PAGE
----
The Victorian Refugee Health Network (the Network) was established in June 2007 to facilitate greater coordination and collaboration amongst health and community services to provide more accessible and appropriate health services for people of refugee backgrounds.
The Network’s mission: Collaborating to reduce health disparities experienced by people from refugee backgrounds, including people seeking asylum.
The Network’s vision: Victorians from refugee backgrounds, including those seeking asylum, have timely access to appropriate services and other resources required to build and maintain health and wellbeing.
The Network’s values:
- Political neutrality
In 2018 Victorian Refugee Health Network restructured to be better able to monitor and respond to issues arising, increase transparency of processes and provide greater opportunities for participation in Network activities. Central to the new structure are three statewide meetings per year. An executive group oversee the functioning of the network, and draw on input from Network participants to refine, endorse and monitor the Network’s strategic plan and work plan.
This year, about 6000 new refugees and humanitarian entrants will come to Victoria from many parts of the world. Their health and well-being is often affected by their experiences of trauma and hardship as refugees, along with the many adjustments of resettlement. The Network provides a forum for health services and practitioners to work collaboratively to address these needs.
The Network brings together a wide range of representatives from the health, settlement and community sectors who actively participate in the projects and initiatives of the Network. This work builds on the many activities and programs around the state, past and current, to support refugee health and wellbeing.
This website provides information on refugee health, relevant services, resources, protocols and training opportunities.
The Victorian Refugee Health Network focuses on a number of key project areas, including: asylum seeker health, maternity and maternal and child health, language services and interpreters, immunisation, oral health, disability, primary care and access to specialist services, and resource development. Visit the Work of the Network page for details.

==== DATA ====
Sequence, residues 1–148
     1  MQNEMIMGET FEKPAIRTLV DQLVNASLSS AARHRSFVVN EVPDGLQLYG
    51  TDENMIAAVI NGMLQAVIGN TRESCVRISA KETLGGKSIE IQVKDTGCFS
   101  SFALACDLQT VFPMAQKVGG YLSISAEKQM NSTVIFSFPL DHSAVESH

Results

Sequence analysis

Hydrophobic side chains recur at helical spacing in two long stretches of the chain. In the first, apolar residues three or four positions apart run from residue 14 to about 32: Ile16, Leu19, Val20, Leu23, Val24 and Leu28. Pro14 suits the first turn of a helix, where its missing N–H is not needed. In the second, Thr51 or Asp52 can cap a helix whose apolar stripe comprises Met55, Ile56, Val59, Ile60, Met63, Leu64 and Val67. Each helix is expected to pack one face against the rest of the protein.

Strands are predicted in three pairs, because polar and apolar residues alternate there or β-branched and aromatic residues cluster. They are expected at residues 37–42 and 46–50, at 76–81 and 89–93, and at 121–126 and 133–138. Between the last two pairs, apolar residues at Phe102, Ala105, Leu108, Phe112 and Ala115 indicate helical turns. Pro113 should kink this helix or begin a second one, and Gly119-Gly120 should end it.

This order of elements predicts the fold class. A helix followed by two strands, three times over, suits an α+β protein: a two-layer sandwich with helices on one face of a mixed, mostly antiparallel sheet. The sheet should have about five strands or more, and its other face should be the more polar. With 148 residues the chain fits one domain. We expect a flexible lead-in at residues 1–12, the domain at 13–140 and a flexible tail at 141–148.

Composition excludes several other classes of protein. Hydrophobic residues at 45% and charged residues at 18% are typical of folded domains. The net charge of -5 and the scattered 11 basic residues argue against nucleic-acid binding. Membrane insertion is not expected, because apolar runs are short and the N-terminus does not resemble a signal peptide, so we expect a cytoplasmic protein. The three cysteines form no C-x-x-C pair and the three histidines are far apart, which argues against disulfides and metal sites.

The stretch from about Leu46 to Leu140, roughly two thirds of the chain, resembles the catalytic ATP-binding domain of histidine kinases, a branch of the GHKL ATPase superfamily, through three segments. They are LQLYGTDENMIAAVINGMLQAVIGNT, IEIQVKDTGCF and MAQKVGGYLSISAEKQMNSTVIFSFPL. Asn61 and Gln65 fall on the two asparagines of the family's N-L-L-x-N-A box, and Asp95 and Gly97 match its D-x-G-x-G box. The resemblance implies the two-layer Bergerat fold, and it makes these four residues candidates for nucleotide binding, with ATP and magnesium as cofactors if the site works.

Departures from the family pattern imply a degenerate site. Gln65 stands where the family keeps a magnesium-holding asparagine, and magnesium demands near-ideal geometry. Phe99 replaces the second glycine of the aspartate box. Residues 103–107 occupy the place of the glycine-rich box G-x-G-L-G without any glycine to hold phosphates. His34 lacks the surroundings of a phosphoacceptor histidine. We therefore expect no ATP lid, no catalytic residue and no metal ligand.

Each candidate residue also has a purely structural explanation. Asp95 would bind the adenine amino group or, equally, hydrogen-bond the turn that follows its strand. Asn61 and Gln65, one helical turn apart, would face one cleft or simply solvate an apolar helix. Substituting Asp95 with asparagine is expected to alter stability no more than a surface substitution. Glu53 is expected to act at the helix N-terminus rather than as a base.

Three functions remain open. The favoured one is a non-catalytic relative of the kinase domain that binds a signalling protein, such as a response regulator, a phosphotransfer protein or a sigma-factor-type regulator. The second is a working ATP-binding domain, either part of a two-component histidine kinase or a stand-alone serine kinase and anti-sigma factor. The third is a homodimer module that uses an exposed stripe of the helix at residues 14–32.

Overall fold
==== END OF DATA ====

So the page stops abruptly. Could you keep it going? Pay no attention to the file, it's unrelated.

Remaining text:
Acknowledgement of country
The Victorian Refugee Health Network reiterates it’s auspicing agency’s acknowledgement of country:
The primary locations of the Victorian Foundation for Survivors of Torture Inc., Brunswick, Dallas, Dandenong, Sunshine, and our outpost location in Ringwood, are on the traditional lands of the Kulin nation. In keeping with Foundation House’s aspiration to heal individuals and communities we recognise the loss of land, children, language, lore and spiritual and physical wellbeing of the people of the Kulin nation and other Indigenous Victorians due to the impact of colonisation.
We believe that acknowledging the past and its impact on the present is vital in building strong Victorian communities. We recognise the survival and enduring strengths of Victorian Indigenous culture in spite of such dispossession and aim to build respectful and informed relationships with the Victorian Indigenous community based on the acknowledgment of their unique position as the traditional owners of Victoria. As such, Foundation House is committed to the acknowledgment and participation of Indigenous Victorians within Foundation House events and this is reflected in our official protocols.